Julius Albert Krug
|Julius Albert Krug|
|33rd United States Secretary of the Interior|
March 18, 1946 – December 1, 1949
|President||Harry S. Truman|
|Preceded by||Harold L. Ickes|
|Succeeded by||Oscar L. Chapman|
|Born||November 23, 1907
|Died||March 26, 1970 (aged 62)
|Children||Marilyn and James|
|Service/branch||United States Navy|
A native of Madison, Wisconsin, Krug graduated from the University of Wisconsin–Madison in 1929. His first notable jobs were with the Tennessee Valley Authority, where he worked as chief power engineer, and then manager of power. In 1941, Krug was promoted to chief of the power branch of the Office of Production Management. After the beginning of World War II, this office became the War Production Board. Krug was promoted to director of the Office of War Utilities in 1943.
In April 1944, Krug enlisted in the United States Navy. He was recalled that August to serve as chairman of the War Production Board, where he served until the board's dissolution in November 1945. President Truman nominated Krug for the position of Secretary of the Interior on February 26, 1946. Krug took office on March 18.
As Secretary, Krug opposed lumber companies' efforts to gain logging rights to huge forests in Washington state, and opposed the building of unnecessary dams. As the administrator of coal mines in the United States, he led failed negotiations between John L. Lewis and mine owners in an attempt to end a nationwide strike by the United Mine Workers of America. According to Grey Gardens Secretary Krug dated Edith Bouvier Beale.
In August, 1949, Krug chaired the 19-member United States Citizens Committee that participated in the United Nations Scientific Conference on Conservation and Utilization of Resources, held at Lake Success, New York. Other members of the committee included Herbert Hoover, Thomas Watson, Howard E. Babcock, and Randolph Greene Pack.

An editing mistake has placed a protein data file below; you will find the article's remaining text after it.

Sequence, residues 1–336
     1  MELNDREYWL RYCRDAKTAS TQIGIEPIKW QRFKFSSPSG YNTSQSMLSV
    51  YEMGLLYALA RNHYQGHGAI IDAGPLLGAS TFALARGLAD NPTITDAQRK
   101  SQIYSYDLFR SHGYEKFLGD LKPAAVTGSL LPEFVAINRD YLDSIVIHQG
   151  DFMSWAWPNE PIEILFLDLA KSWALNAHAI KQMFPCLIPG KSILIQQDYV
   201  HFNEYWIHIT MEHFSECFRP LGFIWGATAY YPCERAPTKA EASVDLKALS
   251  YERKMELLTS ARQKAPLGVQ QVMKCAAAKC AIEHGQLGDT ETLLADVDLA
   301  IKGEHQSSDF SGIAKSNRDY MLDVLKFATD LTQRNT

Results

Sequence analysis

Krug resigned from the cabinet effective December 1, 1949, and moved on to private industry as a utilities consultant in Washington. He also served as chairman of the board of Brookside Mills, and cofounded the Volunteer Asphalt Company in Knoxville, Tennessee.
Krug is buried in Arlington National Cemetery alongside his wife, Margaret Krug, who was interred there in 1986. They had two children, Marilyn and James.
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- New York Times. August 6, 1949. "U.S. Names Group to Resources Talk; Hoover on Citizens Committee That Will Attend U.N. Meeting of Experts Here Aug. 17"
Harold L. Ickes
|U.S. Secretary of the Interior
Served under: Harry S. Truman
Oscar Littleton Chapman
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